Tattoos and “The Hangover” Sequel
In non-John Bingham news, the artist who designed and applied Mike Tyson’s facial tattoo is suing Warner Brothers for copyright infringement because Ed Helms plays a character in the new “Hangover” movie with the same tattoo. Warner Brothers is claiming, among other things, that the depiction of the tattoo is fair use because it is a parody of the original. This leads me to ask two questions.
First, is this really a copyright claim or is it a right of publicity claim that belongs only to Tyson? People have noted that Tyson appeared in the first “Hangover” movie and that the tattoo artist did not sue. If it was not copyright infringement then, why is it now? Moreover, is the tattoo best understood as a work of graphic art (which is conceptually separate from Tyson’s face) or as part of his likeness? It seems to me that the value of the tattoo is really about its association with Tyson and not in its intrinsic merit.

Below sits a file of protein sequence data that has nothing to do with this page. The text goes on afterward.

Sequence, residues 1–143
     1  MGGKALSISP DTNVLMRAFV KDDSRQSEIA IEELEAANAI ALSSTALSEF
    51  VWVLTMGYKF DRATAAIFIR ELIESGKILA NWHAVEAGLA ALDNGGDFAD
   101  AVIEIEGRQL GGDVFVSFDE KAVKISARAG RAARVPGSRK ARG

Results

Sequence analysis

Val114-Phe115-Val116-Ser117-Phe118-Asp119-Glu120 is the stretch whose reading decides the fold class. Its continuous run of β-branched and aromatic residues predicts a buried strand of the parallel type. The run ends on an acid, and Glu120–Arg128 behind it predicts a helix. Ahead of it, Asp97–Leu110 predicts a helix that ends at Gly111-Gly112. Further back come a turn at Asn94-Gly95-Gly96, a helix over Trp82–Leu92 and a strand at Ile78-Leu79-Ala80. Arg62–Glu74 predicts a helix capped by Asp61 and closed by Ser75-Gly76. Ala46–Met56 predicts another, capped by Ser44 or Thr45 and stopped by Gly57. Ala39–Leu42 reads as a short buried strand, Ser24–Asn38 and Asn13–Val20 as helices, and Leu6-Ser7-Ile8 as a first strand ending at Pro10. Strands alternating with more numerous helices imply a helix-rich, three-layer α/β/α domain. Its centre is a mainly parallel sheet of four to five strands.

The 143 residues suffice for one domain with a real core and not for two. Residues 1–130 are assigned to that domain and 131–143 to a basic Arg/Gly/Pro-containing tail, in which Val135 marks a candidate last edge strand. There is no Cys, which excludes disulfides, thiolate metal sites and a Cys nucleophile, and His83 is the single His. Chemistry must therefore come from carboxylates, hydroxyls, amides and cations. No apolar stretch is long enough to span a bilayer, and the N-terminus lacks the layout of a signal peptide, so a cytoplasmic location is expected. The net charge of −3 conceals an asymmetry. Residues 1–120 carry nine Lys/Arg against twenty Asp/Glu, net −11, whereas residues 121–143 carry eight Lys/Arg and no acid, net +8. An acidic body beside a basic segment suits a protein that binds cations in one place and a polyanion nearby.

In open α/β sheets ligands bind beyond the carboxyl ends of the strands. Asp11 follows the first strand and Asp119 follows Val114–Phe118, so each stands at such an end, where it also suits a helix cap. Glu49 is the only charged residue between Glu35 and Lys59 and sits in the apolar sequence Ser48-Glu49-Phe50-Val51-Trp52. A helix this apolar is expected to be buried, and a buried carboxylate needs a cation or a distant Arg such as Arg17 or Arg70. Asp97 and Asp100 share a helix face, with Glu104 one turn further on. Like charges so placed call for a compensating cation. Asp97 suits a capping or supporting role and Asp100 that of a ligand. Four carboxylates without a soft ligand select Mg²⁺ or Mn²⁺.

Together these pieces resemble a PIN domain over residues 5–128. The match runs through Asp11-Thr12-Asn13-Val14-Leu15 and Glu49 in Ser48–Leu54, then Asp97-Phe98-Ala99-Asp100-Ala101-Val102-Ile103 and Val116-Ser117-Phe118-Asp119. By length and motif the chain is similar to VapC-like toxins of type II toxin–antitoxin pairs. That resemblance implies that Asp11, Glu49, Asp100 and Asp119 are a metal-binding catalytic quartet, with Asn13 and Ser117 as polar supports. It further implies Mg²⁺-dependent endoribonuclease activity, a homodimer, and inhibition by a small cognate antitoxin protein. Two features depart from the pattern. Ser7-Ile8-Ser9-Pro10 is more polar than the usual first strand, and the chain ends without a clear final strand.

Second, this ought to lead people to question whether tattoos should be copyrightable. (You can, BTW, ask a fun trademark question about whether somebody who wears a visible tattoo of a famous corporate logo can, under certain circumstances, be required to have it removed as trademark dilution.) In my utilitarian view of intellectual property, there is no worthwhile argument for allowing tattoo (or architecture) copyrights. Unfortunately, I think that gets swallowed by a sense that a denial of IP protection is a comment on the status of those arts. When we say that some fields do not deserve robust property rights (hairstyles, jokes, recipes, fashion designs, etc), that is not a statement that these creative works are less important to society than books, movies, or music. But many people do view it that way, and so long as they do the pressure to expand protection in these heretofore unprotected domains will continue.